Saturday, 16 December 2017
A BIOGRAPHY of a Whitchurch man who is said to have inspired the character of Mr Toad in Kenneth Grahame’s The Wind in the Willows was launched on Friday.
The Real Mr Toad, by historian Michael Redley, tells the story of banker, sportsman and Liberal politician Sir Charles Rose, who bought Hardwick House and its 900-acre estate off Hardwick Road in 1909.
The Elizabethan manor is now owned by his great grandson Sir Julian Rose, who lives there with his family and runs it as an organic farm and forest.
Mr Redley, of Norman Avenue, Henley, began researching Sir Charles’s life two years ago when he was asked to give a talk at Hardwick House by a woman who had hired it for a private function. Miriam Rose, Sir Julian’s daughter, attended the event and was fascinated so asked Mr Redley to return and give another talk to the public.
The pair then decided to collaborate on the first official biography of Sir Charles.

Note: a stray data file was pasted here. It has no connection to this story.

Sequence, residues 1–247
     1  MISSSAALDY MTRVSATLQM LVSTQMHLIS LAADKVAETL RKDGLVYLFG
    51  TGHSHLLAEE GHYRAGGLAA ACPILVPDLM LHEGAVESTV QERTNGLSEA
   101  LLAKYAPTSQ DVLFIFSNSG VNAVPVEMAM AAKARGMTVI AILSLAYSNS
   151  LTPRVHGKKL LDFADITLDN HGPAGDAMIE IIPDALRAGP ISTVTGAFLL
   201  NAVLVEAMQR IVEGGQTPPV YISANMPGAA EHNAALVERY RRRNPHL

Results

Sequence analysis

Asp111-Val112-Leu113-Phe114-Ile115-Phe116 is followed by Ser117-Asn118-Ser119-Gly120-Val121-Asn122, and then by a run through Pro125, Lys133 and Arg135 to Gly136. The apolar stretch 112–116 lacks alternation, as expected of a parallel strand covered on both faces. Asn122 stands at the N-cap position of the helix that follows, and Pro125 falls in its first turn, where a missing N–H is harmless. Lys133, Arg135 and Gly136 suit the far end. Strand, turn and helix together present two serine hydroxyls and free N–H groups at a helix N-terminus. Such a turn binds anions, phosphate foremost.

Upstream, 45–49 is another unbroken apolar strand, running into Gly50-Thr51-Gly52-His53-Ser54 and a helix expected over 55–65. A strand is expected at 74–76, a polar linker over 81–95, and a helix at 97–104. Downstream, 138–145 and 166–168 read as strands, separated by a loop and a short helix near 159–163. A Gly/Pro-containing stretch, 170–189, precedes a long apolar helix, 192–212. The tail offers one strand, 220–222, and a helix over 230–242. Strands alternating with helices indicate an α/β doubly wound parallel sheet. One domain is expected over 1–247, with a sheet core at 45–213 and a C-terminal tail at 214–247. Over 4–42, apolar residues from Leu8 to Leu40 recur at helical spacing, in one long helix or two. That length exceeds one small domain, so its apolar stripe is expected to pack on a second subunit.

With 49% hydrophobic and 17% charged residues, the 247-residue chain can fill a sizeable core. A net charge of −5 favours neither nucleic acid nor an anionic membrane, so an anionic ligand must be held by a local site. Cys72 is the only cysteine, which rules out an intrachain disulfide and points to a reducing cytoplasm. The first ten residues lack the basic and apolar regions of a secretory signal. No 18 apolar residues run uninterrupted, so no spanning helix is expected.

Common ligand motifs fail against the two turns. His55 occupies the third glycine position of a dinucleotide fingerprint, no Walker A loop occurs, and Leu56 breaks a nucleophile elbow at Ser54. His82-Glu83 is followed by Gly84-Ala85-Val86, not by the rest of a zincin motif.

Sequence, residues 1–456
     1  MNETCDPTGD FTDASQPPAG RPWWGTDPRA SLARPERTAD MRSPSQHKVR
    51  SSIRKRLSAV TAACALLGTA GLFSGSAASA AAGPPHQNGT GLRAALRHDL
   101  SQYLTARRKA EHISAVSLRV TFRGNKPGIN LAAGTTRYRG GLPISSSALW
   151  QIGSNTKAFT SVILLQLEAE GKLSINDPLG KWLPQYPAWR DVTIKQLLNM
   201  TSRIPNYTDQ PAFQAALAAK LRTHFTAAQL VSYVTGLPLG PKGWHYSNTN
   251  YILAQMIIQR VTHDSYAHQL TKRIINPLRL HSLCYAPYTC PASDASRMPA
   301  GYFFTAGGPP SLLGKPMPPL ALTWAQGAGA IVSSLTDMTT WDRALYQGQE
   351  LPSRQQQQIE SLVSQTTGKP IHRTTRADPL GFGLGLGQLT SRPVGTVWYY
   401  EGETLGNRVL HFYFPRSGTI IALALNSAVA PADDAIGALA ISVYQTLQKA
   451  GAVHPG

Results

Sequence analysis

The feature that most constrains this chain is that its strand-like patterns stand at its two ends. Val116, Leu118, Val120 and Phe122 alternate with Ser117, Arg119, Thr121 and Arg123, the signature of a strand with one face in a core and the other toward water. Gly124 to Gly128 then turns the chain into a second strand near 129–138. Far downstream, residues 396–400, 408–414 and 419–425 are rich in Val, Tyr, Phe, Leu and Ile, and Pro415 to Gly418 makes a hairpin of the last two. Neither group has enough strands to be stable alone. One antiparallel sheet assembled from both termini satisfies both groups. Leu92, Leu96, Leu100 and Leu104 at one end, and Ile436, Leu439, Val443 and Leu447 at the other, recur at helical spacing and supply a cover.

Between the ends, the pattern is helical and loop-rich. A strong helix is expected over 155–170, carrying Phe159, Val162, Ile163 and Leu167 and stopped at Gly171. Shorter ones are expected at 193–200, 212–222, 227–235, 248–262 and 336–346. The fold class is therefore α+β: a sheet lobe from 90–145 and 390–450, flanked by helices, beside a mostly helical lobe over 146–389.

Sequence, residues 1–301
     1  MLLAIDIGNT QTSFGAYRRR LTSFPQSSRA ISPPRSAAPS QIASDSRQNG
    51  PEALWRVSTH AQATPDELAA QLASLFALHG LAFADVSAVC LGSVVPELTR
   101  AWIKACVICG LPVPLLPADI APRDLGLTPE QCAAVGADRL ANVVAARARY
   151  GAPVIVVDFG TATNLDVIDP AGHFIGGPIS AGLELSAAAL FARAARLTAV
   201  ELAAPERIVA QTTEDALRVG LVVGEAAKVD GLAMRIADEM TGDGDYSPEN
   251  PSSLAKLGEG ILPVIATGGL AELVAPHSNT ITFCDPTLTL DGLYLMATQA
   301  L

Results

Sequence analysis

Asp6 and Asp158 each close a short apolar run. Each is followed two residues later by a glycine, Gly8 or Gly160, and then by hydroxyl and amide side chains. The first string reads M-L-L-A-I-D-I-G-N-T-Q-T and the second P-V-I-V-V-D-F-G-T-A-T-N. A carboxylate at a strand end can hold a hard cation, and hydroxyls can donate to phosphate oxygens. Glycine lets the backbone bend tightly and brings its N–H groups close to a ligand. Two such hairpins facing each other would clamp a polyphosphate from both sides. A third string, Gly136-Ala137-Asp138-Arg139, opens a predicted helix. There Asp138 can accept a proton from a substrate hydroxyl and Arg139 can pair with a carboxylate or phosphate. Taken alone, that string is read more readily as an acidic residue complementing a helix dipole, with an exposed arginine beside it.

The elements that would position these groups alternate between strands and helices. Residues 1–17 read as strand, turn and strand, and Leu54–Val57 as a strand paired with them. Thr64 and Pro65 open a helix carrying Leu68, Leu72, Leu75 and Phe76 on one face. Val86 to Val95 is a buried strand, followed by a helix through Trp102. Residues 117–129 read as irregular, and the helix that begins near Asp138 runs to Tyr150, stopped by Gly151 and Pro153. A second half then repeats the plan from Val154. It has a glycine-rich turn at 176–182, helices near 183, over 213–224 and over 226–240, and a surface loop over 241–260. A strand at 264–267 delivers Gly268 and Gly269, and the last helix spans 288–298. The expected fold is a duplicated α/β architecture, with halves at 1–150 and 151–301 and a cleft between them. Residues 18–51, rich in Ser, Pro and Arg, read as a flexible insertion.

The family gave Mr Redley full access to their archives, including personal letters which had been locked away for more than a century.
Sir Charles was a racehorse breeder, keen aviator and an early proponent of the motor car. He died in 1913, aged 65.
Mr Redley’s 80-page booklet examines his public achievements and his private life, including his infidelity and the deaths of three of his sons in the Boer War and First World War. Ms Rose said: “As a fairly non-conformist family, we’d never wanted to revere this enormously wealthy and influential man — in fact, we never really talked about him and were slightly embarrassed.
“However, working on this has really demystified him and showed that he, too, was quite critical of the established order of his time. It feels like we’ve reconciled ourselves with his memory.”
Mr Redley, who teaches at the University of Oxford’s department for continuing education, said: “It was a delightful process. Sir Charles was a fascinating subject and with the family’s support it all fell into place very easily.”
The booklet costs £7.50 and can be ordered from the estate on
0118 984 1096.
31 October 2016
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